DENNIS THOMPSON: After the MC5 broke up, about six months later, I was living in Detroit. Fred and Michael and myself got back together again, and we rehearsed in my attic in an old-fashioned two-story brick house, the old well-built ones. That's where we rehearsed, 'cause I lived in the upper fucking flat. Well, we put out the word to Rob, "Would you like to join our band?" And Rob declined. And we put the word out to Wayne, and Wayne declined. But we did make an attempt to put the band back together again. And the three of us were up there sweatin' our balls off in the middle of a hundred and twenty degrees because we all wanted to do it again. Everyone was free and clear of all drugs, all alcohol, nothing, we were completely ready to go again, okay? Rehab city, let's go. And they declined, so it never happened.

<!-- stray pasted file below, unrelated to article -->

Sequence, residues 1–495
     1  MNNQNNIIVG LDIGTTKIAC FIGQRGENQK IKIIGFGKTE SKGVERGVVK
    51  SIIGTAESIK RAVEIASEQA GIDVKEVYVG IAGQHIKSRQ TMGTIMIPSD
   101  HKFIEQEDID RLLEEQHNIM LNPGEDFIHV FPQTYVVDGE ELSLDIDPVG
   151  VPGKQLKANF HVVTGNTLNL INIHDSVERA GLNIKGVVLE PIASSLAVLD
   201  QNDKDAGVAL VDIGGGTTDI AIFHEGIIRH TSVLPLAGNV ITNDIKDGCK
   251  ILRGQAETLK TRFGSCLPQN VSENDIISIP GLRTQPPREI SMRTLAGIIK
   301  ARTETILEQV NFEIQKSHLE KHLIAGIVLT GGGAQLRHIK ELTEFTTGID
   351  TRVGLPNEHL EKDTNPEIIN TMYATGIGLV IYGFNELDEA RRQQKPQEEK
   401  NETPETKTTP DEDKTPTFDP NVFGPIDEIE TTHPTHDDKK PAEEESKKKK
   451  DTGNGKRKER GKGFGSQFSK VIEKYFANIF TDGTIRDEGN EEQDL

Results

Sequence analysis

MICHAEL DAVIS: Ascension was Fred Smith's concept; it was gonna be Fred's band; he'd write the material and I would do the singing. There was some sort of mystique about me back in those days, that I could sing; it probably came from the [pre-MC5] folkie Bob Dylan-y thing, so everybody believed I could sing. So Fred thought that I would be able to do the singing and we went out and got me a little Casio [keyboard] so I would have something to do besides stand or leap around. We hired a dude named John Hefti to play the bass, and Dennis agreed to play the drums, and we thought we had us a little supergroup. It was Fred's compositions and Fred's idea to have this band. I don't think we played a lot of gigs, maybe two or three, and the kinda stuff we got as gigs wasn't anything that's gonna get you in Rolling Stone, like playing three or four sets a night in a bowling alley..."What? How'd we get here?" But I found out very quickly that if you have to use your voice for more than an hour and a half, you're looking at some trouble if you're not used to singing. So it didn't last a really long time, but it was a lot of fun...practicing in Dennis' attic and sweating our balls off up there in summer in Detroit.